Leopold Tyrmand was one of the most interesting figures of post-war Poland’s artistic milieu. Despite the oppression of the communist regime, he had his own way of opposing the system.
Tyrmand’s biographers aptly point out that he opposed communism not only ideologically, but also aesthetically. He wanted to maintain the continuity of Polish culture and tradition, noting that communism disrupted the development of a centuries-old civilization.
Tyrmand was born on 16 May 1920 in Warsaw to an assimilated Jewish family. In the late 1930s, he began studying architecture in Paris. The outbreak of the Second World War found him back in Warsaw. From there he travelled to Vilnius within the Soviet occupation zone. There, for a short time, he even wrote for the communist newspaper, which he later tried to conceal. Finally, he began collaborating with the underground movement, as a result of which, in April 1941, he was arrested by the NKVD and sentenced to eight years in prison. Two months later, however, the German-Soviet War broke out, as a result of which he managed to escape from prison. He managed to get false French documents, and he was not exposed, but his plan to get to France failed. Until 1944, he stayed in the Third Reich, where he worked, among other jobs, as a physical worker, a translator and a waiter. At the end of the war, however, he was sent to a concentration camp in Norway. For a year after the war, he continued working in Scandinavia, and after returning to Poland, he began working for the press and in the Polish Radio.
He concealed his Jewish origin, even from his wife and friends. After the terrible experiences Polish Jews had experienced during the German occupation, he tried to cut himself off from his past, which some of his friends ascribed to his war trauma.
Tyrmand hated communism. He manifested his dislike in his own way – by emphasizing his distinctiveness. He hated the gray nature of the communist system, its hypocrisy, uniformity and the need to adapt to prevailing rules. He would wear colorful clothes, try to speak differently and would raise unusual topics in conversation with other writers. Some regarded him as an arrogant snob, and others as an outspoken writer who was not afraid to say what he was thinking. He was an individualist who stood out against submissive milieu of other writers.
His trouble with censorship began in 1950, when, in a press report from a boxing tournament, he dared to criticize Soviet judges for having been biased. Subsequently, he was removed from the editorial office of the Przekrój magazine. Stefan Kisielewski, a writer and composer, helped Trymand by introducing him to the editorial board of the relatively independent magazine – “Tygodnik Powszechny”. However, the communist authorities also decided to close it down in 1953 for refusing to publish Stalin’s obituary. Thus Tyrmand was left jobless again. At that time he started writing a diary. In total, it covers only three months (from January to April 1954). Nevertheless, it includes a vast panorama of social interactions, the reconstruction of Warsaw after the war, as well as an insightful portrait of the cultural milieu. There was also a critical commentary on the reality of Stalinist Poland, a critique of its social and economic reality, and at the same time a manifestation of Tyrmand’s independence and a defense of individualism. It was not published until 1980 in London as Dziennik 1954 (Diary 1954).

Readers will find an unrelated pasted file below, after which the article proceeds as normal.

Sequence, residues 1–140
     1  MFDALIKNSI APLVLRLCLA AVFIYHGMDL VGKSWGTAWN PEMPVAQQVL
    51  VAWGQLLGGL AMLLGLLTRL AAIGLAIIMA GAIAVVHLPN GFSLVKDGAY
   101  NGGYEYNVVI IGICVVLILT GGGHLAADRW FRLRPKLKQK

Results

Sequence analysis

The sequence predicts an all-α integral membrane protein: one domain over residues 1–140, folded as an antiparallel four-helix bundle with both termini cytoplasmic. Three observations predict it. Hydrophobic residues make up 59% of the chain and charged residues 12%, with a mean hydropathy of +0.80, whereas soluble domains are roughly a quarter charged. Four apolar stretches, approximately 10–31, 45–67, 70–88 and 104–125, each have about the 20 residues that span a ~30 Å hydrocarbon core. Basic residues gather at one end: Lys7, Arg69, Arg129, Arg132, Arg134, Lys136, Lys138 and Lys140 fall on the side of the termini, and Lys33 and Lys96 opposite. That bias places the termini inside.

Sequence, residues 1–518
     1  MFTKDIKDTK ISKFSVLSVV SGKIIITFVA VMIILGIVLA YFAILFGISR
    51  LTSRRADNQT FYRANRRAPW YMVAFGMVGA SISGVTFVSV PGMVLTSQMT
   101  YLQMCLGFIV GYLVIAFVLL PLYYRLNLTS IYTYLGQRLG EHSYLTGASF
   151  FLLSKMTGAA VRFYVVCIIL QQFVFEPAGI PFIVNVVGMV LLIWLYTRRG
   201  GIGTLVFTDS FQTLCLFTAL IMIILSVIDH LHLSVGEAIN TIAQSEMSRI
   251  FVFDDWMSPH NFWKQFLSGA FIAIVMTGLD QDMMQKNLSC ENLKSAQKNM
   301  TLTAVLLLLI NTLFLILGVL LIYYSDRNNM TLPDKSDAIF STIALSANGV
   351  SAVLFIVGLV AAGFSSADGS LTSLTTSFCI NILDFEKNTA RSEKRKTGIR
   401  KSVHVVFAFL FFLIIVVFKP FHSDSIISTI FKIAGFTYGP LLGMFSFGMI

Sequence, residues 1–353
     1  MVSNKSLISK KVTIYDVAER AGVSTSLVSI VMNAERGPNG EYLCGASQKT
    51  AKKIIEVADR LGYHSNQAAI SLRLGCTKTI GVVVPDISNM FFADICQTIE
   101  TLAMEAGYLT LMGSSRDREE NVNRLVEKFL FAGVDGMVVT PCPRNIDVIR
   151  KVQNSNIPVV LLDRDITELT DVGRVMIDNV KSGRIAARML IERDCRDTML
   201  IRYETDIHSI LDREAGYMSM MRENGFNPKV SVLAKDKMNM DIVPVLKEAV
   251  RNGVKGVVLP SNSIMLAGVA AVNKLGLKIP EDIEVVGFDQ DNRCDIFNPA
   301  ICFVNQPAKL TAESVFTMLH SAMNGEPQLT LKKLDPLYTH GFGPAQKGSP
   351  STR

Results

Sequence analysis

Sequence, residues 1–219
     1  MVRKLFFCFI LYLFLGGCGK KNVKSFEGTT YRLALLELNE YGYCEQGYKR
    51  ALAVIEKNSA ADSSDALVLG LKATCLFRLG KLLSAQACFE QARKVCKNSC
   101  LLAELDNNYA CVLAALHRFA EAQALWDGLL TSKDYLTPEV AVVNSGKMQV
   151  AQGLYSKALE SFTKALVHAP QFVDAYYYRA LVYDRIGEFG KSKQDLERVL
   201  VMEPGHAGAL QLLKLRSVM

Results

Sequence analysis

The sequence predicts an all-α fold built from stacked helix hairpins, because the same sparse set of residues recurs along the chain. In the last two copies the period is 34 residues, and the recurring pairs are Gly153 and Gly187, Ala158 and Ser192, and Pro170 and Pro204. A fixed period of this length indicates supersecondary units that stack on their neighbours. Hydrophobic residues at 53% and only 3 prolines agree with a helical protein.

Tyrmand stopped writing his diary when he unexpectedly received an offer to write a crime novel. The result of this work was his most famous novel titled Zły (published in English as The Man With White Eyes) published in December 1955. The novel takes place in Warsaw in the 1950s. Tyrmand elaborates on the city’s a criminal underworld, and its title, which means “Evil Man”, is a man who declares war on criminals. The book was enthusiastically received by readers, not least because it offered a contrast to mass-produced socialist realist literature. Despite showing the dark side of the city during Stalinism, communist censorship agreed to its publication.
Tyrmand’s popularity led him to develop other interests. He became a pioneer of jazz music. Although he could not play an instrument, he is still considered a legend of Polish jazz. He arranged numerous festivals and concerts, and also supported the activities of young jazz players. In the mid-sixties, he decided to emigrate. Thanks to a scholarship from the State Department, he finally settled in the United States. He quickly became a recognizable figure thanks to articles published in The New Yorker and The New York Times. Tyrmand criticized contemporary pop culture as a tool to destroy traditional values. While, in his opinion, popular culture in Poland under the communist regime was an antidote to gloomy reality, he also claimed that in the free world it contributed instead to the deprivation of young people.
On 19 March 1985, he died of a heart attack in Fort Myers, Florida. By virtue of a resolution of the Sejm of the Republic of Poland, 2020 was announced the year of Leopold Tyrmand.
Author: Piotr Bejrowski
Translation: Alicja Rose & Jessica Sirotin